Multi-Omics evaluates how the space environment and prebiotics affect immune function. This investigation combines data obtained from measuring changes in the gut microbiological composition, metabolites profiles, and the immune system. Recent studies indicate that imbalance in gut microbiota composition results from a variety of environmental stresses and could lead to immune dysfunction. This meta-analysis of the gut microbiota from crew members should result in better understanding of any immune dysfunction they experience. The investigation may identify potential bacterial or metabolic biomarkers for immune dysfunction, which could help the development of a method to restore gut microbiota imbalance and, in turn, immune system function.

Microbiome examines the individual microbiome, or the collection of microbes living in and on the human body at any given time. Researchers use periodic samples taken from different parts of the body and the space station to monitor crew member microbiomes and immune system function, and their interaction with the unique space station environment. The data enable assessment of the likelihood and consequences of alterations in the microbiome due to extreme environments, and the related human health risks. In addition to potentially lowering health risks during future space explorations, this study could benefit people who live and work in extreme environments on Earth. Results also could advance research in preliminary detection of diseases, alterations in metabolic function, and immune system deficiency.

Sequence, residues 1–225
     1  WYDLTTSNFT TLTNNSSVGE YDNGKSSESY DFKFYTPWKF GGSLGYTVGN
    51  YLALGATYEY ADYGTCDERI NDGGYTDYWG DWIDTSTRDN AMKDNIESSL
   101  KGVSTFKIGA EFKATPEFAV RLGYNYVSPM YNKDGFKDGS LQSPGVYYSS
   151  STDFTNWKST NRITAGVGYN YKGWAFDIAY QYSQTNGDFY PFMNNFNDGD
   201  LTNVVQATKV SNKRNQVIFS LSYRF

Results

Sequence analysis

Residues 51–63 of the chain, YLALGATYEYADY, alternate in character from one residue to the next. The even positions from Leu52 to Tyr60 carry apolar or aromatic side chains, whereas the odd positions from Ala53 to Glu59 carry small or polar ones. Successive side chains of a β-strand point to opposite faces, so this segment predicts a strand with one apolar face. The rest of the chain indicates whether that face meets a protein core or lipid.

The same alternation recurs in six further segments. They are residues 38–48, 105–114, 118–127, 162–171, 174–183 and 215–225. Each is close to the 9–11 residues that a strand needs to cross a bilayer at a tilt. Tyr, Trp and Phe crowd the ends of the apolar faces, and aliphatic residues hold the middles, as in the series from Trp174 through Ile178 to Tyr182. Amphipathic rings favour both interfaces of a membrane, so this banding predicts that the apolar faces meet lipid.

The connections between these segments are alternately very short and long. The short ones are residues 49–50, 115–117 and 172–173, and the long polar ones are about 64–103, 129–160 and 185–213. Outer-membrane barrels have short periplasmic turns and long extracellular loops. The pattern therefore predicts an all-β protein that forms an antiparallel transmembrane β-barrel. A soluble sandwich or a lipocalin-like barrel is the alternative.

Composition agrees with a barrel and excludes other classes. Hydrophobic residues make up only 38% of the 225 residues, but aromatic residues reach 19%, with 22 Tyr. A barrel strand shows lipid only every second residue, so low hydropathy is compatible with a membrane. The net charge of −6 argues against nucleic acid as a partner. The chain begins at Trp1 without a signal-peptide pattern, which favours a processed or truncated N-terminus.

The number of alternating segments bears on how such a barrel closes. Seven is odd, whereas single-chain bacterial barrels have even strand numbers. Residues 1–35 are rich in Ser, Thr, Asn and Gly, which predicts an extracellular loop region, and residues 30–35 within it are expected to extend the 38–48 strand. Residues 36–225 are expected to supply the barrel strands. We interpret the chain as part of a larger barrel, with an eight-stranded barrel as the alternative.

European Space Agency (ESA) astronaut Samantha Cristoforetti working on the T-Cell Activation in Aging experiment in the Columbus Module. (Credits: NASA)

Rodents such as mice and rats are “model organisms” whose characteristics make them easy to maintain, reproduce and study in the laboratory. Every model organism has been widely studied, and each has a well-documented and well-understood genetic makeup. Results from research on one model organism would likely be much the same if conducted on another similar organism. Model organisms tend to be plentiful and inexpensive, have short generation times (i.e., produce offspring in a short time), and grow relatively quickly. They are generally less complex than organisms for which they serve as the stand-in, thus making it easier to examine the research problem in question. Model organisms are essential for much research on human health, which would be impractical or unethical to conduct with human subjects

The underlying mechanisms behind immune dysfunction caused by living in space are not well understood. These and other investigations aim to figure out those mechanisms and use that understanding to help people stay healthy––in space and on the ground.